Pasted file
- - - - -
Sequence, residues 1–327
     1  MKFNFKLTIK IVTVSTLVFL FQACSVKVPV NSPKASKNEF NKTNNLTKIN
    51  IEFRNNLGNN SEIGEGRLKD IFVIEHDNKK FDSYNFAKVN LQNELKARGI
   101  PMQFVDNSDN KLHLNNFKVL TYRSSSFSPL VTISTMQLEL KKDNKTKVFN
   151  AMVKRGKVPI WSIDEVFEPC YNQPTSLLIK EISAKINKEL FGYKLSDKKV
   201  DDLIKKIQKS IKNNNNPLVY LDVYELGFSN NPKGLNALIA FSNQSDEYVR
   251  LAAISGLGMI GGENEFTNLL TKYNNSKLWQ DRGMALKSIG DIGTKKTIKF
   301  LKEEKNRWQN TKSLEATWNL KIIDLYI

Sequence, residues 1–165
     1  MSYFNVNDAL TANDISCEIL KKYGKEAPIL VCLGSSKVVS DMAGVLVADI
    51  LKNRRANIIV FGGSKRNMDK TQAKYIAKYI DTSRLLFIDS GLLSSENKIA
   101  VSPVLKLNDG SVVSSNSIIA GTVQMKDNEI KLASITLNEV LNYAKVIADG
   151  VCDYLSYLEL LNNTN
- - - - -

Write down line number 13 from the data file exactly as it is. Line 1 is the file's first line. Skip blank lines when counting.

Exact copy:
   151  VCDYLSYLEL LNNTN